The nature of the English Revolution revisited

by Stephen Taylor | 20 June 2013
Category: British History
Synopsis
The nature of the seventeenth-century English revolution remains one of the most contested of all historical issues. Scholars are unable to agree on what caused it, when precisely it happened, how significant it was in terms of political, social, economic, and intellectual impact, or even whether it merits being described as a "revolution" at all. Over the past twenty years these debates have become more complex, but also richer. This volume brings together new essays by a group of leading scholars of the revolutionary period and will provide readers with a provocative and stimulating introduction to current research. All the essays engage with one or more of three themes which lie at the heart of recent debate: the importance of the connection between individuals and ideas; the power and influence of religious ideas; and the most appropriate chronological context for discussion of the revolution. STEPHEN TAYLOR is Professor in the History of Early Modern England at the University of Durham. GRANT TAPSELL is Lecturer in Early Modern History, University of Oxford and Fellow and Tutor at Lady Margaret Hall. Contributors: Philip Baker, J. C. Davis, Kenneth Fincham, Rachel Foxley, Tim Harris, Ethan H. Shagan, John Spurr, Grant Tapsell, Stephen Taylor, Tim Wales, John Walter, Blair Worden
€91.00
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Currently out of stock
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Any purchases for more than €10 are eligible for free delivery anywhere in the UK or Ireland!

Synopsis
The nature of the seventeenth-century English revolution remains one of the most contested of all historical issues. Scholars are unable to agree on what caused it, when precisely it happened, how significant it was in terms of political, social, economic, and intellectual impact, or even whether it merits being described as a "revolution" at all. Over the past twenty years these debates have become more complex, but also richer. This volume brings together new essays by a group of leading scholars of the revolutionary period and will provide readers with a provocative and stimulating introduction to current research. All the essays engage with one or more of three themes which lie at the heart of recent debate: the importance of the connection between individuals and ideas; the power and influence of religious ideas; and the most appropriate chronological context for discussion of the revolution. STEPHEN TAYLOR is Professor in the History of Early Modern England at the University of Durham. GRANT TAPSELL is Lecturer in Early Modern History, University of Oxford and Fellow and Tutor at Lady Margaret Hall. Contributors: Philip Baker, J. C. Davis, Kenneth Fincham, Rachel Foxley, Tim Harris, Ethan H. Shagan, John Spurr, Grant Tapsell, Stephen Taylor, Tim Wales, John Walter, Blair Worden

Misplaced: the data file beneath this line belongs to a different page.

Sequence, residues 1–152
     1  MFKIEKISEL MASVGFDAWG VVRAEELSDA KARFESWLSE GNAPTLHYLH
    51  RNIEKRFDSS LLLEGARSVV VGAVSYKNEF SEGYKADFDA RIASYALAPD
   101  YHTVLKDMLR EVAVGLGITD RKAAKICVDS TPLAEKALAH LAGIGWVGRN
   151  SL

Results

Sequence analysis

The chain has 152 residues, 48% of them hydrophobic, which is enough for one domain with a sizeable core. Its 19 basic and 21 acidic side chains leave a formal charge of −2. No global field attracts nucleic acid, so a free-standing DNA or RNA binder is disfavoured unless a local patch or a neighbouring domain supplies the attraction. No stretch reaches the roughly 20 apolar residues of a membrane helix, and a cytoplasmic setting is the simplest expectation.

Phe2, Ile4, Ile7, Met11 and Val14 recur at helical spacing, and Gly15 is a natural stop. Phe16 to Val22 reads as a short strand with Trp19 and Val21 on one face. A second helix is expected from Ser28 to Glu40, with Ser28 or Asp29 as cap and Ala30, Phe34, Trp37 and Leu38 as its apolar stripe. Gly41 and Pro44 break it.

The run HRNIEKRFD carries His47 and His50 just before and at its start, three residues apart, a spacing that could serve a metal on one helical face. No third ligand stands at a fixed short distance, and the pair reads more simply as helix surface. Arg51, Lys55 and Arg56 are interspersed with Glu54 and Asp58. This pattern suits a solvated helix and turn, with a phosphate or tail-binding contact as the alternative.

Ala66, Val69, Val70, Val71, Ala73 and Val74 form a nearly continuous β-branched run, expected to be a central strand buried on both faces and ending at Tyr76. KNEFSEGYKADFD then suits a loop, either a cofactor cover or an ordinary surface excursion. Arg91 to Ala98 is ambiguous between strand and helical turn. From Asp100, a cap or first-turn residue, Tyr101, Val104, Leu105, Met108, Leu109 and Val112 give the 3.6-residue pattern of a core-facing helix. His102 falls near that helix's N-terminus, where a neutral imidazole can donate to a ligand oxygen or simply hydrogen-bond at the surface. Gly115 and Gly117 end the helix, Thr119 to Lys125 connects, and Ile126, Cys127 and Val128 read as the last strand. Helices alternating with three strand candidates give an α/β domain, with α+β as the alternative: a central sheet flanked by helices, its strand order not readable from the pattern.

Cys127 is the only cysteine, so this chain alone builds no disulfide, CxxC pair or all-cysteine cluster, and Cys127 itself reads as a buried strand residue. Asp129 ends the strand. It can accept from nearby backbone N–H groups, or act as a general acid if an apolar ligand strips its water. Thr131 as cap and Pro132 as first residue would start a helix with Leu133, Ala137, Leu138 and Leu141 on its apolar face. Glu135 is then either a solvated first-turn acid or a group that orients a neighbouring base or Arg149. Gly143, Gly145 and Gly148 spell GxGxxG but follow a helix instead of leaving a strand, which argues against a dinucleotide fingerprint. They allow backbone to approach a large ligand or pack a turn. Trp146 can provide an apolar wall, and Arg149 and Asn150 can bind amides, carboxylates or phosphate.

€91.00
273 Reward Points
Currently out of stock
Delivery 2-7 working days.
Eligible for free delivery

Any purchases for more than €10 are eligible for free delivery anywhere in the UK or Ireland!


Product Details

ISBN - 9781843838180
Format -
Publisher -
Published - 20/06/2013
Categories - All, Books, History and Politics, History Books, British History
No. of Pages - 310
Weight - 702
Edition -
Series - - Not Available
Page Size - 24
Language - en-US
Readership Age - Not Available
Table of Contents - Not Available

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